Today’s Machining World Archive: July 2006, Vol. 2, Issue 07
I am a bookkeeper with a small company. My boss, one of three brothers who own the business, is married with three kids. Last month, he asked me to place a considerably younger woman, whom I have never seen in our shop, on the payroll. A work associate told me the woman is my boss’s mistress. I processed an expense account report for a tradeshow trip, and I noticed dinner receipts for two and hotel bills showing double occupancy. I knew his wife was home with the kids during the show because I saw her that week at the hockey complex where our kids play. His two brothers are absentee owners (both get paychecks) whom I don’t think would approve of their brother’s actions. Should I confront my boss? Should I tell his brothers? The amount is not huge, but it’s better than my paycheck. The work associate says my boss is an adulterer who is using the company’s money to fund his own indiscretions, and I ought to report it to his brothers.
Family businesses are often piggy banks for the owners who use them to fund all sorts of activities, including some which are marginally related, if at all, to the operation of the business.
While you have your suspicions, you have no clear evidence of illegal conduct (tax fraud, money laundering), and there are a variety of innocent explanations for your boss’s conduct. Perhaps Ms. X is a leading expert on quality systems, and the restaurant tab reflects a working dinner in preparation for a sales pitch the next day. Maybe the hotel bill shows double occupancy because his wife, who planned to come, stayed behind to take the hockey player to district finals, which no one expected the team to make. If Ms. X attended the conference, you might ask where her hotel receipt is. But, she may say she stayed with her old business school roommate, who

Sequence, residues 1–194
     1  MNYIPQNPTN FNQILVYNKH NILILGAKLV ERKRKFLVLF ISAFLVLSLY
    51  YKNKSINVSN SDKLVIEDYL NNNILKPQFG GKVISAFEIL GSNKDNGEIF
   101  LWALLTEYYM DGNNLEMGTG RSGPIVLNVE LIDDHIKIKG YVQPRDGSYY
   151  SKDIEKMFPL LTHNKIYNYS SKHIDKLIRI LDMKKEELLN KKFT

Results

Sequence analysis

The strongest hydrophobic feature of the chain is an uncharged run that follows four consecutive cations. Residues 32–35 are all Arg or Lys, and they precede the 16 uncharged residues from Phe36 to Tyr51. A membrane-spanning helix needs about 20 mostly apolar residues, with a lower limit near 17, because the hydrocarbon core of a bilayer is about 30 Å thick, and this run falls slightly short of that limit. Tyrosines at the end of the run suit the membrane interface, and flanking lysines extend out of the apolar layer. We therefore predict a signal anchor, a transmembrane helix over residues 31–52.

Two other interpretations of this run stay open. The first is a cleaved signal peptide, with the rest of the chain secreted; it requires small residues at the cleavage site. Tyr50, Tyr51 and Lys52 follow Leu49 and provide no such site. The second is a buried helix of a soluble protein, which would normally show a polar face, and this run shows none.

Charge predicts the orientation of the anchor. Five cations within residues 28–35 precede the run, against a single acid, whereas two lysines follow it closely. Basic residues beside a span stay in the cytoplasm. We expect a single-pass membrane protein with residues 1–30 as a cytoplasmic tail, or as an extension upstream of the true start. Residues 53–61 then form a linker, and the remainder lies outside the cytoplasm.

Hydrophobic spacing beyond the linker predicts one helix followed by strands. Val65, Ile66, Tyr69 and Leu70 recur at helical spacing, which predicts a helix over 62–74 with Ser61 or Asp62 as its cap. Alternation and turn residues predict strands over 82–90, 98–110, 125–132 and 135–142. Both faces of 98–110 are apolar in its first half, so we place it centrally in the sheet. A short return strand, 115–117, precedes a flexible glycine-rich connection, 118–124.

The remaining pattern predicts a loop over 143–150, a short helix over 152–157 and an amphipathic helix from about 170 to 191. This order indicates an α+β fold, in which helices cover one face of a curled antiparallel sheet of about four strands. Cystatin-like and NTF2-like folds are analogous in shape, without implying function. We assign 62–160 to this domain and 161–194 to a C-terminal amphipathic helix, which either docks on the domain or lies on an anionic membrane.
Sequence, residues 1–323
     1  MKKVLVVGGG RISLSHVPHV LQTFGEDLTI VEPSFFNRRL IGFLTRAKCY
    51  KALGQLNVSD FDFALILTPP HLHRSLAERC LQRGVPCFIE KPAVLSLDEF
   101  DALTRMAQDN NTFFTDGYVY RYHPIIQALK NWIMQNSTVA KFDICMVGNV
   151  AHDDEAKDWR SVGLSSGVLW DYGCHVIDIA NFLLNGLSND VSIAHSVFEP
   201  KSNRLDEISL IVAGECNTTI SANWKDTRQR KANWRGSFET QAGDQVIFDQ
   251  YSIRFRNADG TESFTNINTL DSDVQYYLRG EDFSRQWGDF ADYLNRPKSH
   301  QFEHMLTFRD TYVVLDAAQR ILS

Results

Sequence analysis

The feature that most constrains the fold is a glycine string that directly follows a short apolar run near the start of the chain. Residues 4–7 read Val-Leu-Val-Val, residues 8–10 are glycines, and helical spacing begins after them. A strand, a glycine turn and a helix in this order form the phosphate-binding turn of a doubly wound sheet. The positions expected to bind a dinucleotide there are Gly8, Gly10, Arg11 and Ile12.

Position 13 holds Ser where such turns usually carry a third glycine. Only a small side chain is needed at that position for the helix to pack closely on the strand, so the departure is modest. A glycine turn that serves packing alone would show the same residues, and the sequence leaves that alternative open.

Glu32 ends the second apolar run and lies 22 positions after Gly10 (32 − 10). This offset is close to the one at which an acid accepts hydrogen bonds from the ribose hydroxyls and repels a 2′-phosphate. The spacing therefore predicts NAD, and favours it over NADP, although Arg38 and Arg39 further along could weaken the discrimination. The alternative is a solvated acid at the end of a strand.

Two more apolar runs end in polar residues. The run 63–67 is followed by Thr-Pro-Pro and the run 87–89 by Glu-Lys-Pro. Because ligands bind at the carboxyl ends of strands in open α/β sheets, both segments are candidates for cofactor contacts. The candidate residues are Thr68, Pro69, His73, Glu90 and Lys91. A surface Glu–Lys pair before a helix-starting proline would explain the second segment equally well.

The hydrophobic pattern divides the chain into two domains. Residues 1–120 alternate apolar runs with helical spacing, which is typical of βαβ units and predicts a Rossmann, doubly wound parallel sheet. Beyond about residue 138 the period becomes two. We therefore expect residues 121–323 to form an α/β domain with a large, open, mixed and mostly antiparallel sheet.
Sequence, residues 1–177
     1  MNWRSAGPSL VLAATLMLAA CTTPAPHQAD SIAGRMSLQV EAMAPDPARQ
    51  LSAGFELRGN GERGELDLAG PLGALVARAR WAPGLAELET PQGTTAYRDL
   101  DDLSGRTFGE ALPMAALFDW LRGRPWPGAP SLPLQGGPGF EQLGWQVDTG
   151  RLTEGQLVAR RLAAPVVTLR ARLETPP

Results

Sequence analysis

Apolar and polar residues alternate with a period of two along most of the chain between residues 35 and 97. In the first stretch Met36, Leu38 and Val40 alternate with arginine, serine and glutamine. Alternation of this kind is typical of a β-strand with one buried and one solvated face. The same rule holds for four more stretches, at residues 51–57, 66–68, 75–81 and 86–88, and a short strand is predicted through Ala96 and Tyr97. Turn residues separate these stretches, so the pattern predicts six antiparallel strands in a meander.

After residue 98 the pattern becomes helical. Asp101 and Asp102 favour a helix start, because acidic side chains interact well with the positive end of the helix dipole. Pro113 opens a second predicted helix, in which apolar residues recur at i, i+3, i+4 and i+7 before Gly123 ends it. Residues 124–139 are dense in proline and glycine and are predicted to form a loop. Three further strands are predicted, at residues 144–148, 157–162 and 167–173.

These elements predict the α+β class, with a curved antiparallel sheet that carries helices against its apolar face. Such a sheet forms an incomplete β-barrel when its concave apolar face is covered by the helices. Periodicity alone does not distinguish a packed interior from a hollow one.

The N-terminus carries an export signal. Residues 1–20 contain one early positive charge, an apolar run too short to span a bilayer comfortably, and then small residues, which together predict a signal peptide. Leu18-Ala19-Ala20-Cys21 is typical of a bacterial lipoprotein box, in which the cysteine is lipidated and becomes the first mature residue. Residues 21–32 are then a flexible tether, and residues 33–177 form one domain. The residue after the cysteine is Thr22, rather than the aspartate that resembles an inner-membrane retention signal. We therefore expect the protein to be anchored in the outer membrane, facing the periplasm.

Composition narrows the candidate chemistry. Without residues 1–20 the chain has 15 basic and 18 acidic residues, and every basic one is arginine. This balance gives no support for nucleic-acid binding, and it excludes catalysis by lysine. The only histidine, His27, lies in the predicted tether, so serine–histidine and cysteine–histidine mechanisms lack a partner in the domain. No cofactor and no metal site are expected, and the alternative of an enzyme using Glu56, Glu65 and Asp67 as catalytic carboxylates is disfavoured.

happens to live in the town where the conference was held.
While there is no question the circumstances are suspicious, you don’t have the facts. “Pulling the trigger” at this point may only embarrass you, jeopardize your job, and unnecessarily disrupt what may be happy marriage. On the other hand, the brothers are surely entitled to know of the waste of their corporate assets. The only problem is, you don’t know if your boss is looting the corporate kitty or if this is a legitimate expenditure. All you know is that you put her on the payroll, and you don’t see her at the office. Even if she is paid to be candy for your boss, perhaps his brothers are fine with it. After all, they are drawing salaries instead of dividends even though they don’t show up for work, because there are substantial tax advantages for doing so. Let them look at the balance sheet at their next meeting. If they have questions for you, answer them with the facts, not your suspicions.
You are there to keep the books, not to serve as his moral compass or the eyes and ears of his absentee brothers. Unless you know that this activity is fraudulent, and you are being asked to participate in illegal conduct such as the preparation of fraudulent tax returns, you are best off minding your own business.
Russle Ethridge is an attorney in private practice in
southeast Michigan. The material provided in this article
is for information purposes only and does not constitute legal advice.